Mechanisms of inhibition and activation of extrasynaptic αβ GABAA receptors.


Type
Article
Change log
Authors
Kasaragod, Vikram Babu 
Dorovykh, Valentina 
Abstract

Type A GABA (γ-aminobutyric acid) receptors represent a diverse population in the mammalian brain, forming pentamers from combinations of α-, β-, γ-, δ-, ε-, ρ-, θ- and π-subunits1. αβ, α4βδ, α6βδ and α5βγ receptors favour extrasynaptic localization, and mediate an essential persistent (tonic) inhibitory conductance in many regions of the mammalian brain1,2. Mutations of these receptors in humans are linked to epilepsy and insomnia3,4. Altered extrasynaptic receptor function is implicated in insomnia, stroke and Angelman and Fragile X syndromes1,5, and drugs targeting these receptors are used to treat postpartum depression6. Tonic GABAergic responses are moderated to avoid excessive suppression of neuronal communication, and can exhibit high sensitivity to Zn2+ blockade, in contrast to synapse-preferring α1βγ, α2βγ and α3βγ receptor responses5,7-12. Here, to resolve these distinctive features, we determined structures of the predominantly extrasynaptic αβ GABAA receptor class. An inhibited state bound by both the lethal paralysing agent α-cobratoxin13 and Zn2+ was used in comparisons with GABA-Zn2+ and GABA-bound structures. Zn2+ nullifies the GABA response by non-competitively plugging the extracellular end of the pore to block chloride conductance. In the absence of Zn2+, the GABA signalling response initially follows the canonical route until it reaches the pore. In contrast to synaptic GABAA receptors, expansion of the midway pore activation gate is limited and it remains closed, reflecting the intrinsic low efficacy that characterizes the extrasynaptic receptor. Overall, this study explains distinct traits adopted by αβ receptors that adapt them to a role in tonic signalling.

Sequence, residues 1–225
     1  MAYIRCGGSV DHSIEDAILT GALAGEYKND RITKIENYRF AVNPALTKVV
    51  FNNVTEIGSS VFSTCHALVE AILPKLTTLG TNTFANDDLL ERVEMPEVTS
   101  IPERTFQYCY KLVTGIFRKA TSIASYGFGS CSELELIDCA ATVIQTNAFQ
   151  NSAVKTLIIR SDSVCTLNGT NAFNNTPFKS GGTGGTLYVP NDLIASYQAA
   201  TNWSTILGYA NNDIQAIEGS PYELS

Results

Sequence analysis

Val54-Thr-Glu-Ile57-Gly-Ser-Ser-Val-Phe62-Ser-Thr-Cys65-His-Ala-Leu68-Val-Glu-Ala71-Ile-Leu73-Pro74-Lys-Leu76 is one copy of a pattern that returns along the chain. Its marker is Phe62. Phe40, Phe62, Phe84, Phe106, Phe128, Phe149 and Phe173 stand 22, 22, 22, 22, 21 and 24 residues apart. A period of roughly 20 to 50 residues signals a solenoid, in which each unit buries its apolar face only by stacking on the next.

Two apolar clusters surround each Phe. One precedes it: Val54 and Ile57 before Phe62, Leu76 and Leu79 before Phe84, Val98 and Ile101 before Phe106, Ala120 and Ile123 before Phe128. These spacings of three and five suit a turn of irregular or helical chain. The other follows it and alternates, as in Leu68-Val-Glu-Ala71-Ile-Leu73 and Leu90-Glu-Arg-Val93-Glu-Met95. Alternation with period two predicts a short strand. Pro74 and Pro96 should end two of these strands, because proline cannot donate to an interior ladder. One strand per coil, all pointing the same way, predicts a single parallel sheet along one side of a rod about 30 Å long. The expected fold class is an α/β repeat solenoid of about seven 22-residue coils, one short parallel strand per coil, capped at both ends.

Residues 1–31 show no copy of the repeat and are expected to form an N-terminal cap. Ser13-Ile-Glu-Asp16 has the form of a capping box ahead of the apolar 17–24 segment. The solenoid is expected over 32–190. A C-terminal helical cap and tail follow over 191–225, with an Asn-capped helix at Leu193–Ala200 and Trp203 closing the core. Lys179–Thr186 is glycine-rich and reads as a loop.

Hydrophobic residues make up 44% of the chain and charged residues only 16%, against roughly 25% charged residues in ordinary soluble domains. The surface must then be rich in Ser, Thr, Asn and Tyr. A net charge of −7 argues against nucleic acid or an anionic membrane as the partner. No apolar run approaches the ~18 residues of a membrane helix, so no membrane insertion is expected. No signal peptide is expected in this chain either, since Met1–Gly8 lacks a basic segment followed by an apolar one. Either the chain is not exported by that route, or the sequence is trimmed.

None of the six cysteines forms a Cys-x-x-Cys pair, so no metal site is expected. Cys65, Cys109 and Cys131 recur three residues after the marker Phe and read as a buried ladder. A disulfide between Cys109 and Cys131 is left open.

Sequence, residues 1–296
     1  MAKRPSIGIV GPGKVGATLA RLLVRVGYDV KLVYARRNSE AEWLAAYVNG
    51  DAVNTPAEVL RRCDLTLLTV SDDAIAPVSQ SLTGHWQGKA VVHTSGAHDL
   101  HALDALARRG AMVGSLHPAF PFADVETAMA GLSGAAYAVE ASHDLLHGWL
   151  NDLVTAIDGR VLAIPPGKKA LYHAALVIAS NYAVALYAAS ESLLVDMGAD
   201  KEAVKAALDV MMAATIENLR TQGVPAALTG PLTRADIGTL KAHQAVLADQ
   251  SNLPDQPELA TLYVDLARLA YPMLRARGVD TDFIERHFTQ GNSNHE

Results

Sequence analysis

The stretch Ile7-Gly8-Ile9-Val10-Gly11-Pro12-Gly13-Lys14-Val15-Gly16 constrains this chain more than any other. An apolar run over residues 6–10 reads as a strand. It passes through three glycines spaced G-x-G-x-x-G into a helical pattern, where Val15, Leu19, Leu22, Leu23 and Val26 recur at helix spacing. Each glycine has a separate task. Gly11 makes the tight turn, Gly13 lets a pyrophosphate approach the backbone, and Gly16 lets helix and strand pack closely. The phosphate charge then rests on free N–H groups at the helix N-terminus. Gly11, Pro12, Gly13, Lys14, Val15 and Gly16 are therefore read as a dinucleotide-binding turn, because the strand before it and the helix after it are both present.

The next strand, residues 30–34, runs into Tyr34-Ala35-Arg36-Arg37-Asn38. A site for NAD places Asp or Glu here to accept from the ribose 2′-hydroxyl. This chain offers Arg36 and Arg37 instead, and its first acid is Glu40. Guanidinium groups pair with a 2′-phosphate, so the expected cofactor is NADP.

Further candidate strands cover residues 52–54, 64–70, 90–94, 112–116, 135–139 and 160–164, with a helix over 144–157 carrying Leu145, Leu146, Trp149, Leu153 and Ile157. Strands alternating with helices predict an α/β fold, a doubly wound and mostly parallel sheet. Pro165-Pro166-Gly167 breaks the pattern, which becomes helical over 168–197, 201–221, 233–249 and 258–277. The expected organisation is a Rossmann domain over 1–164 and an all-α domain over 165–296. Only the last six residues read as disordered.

Description
Keywords
Journal Title
Nature
Conference Name
Journal ISSN
0028-0836
1476-4687
Volume Title
Publisher
Springer Science and Business Media LLC
Sponsorship
Academy of Medical Sciences (SBF004\1074)
This work was supported by a Department of Pharmacology new lab start-up fund, the University of Cambridge Isaac Newton & Wellcome Trust Institutional Strategic Support Fund, and Academy of Medical Sciences Springboard Award (SBF004\1074). Electrophysiology work in the laboratory of Professor Trevor Smart was funded by an MRC programme grant (MR/T002581/1) and Wellcome Trust Collaborative Award (217199/Z/19/Z). The cryo-EM facility receives funding from the Wellcome Trust (206171/Z/17/Z; 202905/Z/16/Z) and University of Cambridge.